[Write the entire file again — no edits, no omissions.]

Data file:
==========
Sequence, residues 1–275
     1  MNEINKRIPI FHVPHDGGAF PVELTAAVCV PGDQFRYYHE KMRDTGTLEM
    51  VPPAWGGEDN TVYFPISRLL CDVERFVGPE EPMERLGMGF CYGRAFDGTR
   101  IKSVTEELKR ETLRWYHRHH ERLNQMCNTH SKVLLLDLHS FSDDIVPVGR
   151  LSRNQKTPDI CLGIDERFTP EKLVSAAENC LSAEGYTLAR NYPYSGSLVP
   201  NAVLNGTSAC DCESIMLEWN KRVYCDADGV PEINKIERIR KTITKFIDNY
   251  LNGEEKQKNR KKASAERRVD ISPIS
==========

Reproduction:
Sequence, residues 1–275
     1  MNEINKRIPI FHVPHDGGAF PVELTAAVCV PGDQFRYYHE KMRDTGTLEM
    51  VPPAWGGEDN TVYFPISRLL CDVERFVGPE EPMERLGMGF CYGRAFDGTR
   101  IKSVTEELKR ETLRWYHRHH ERLNQMCNTH SKVLLLDLHS FSDDIVPVGR
   151  LSRNQKTPDI CLGIDERFTP EKLVSAAENC LSAEGYTLAR NYPYSGSLVP
   201  NAVLNGTSAC DCESIMLEWN KRVYCDADGV PEINKIERIR KTITKFIDNY
   251  LNGEEKQKNR KKASAERRVD ISPIS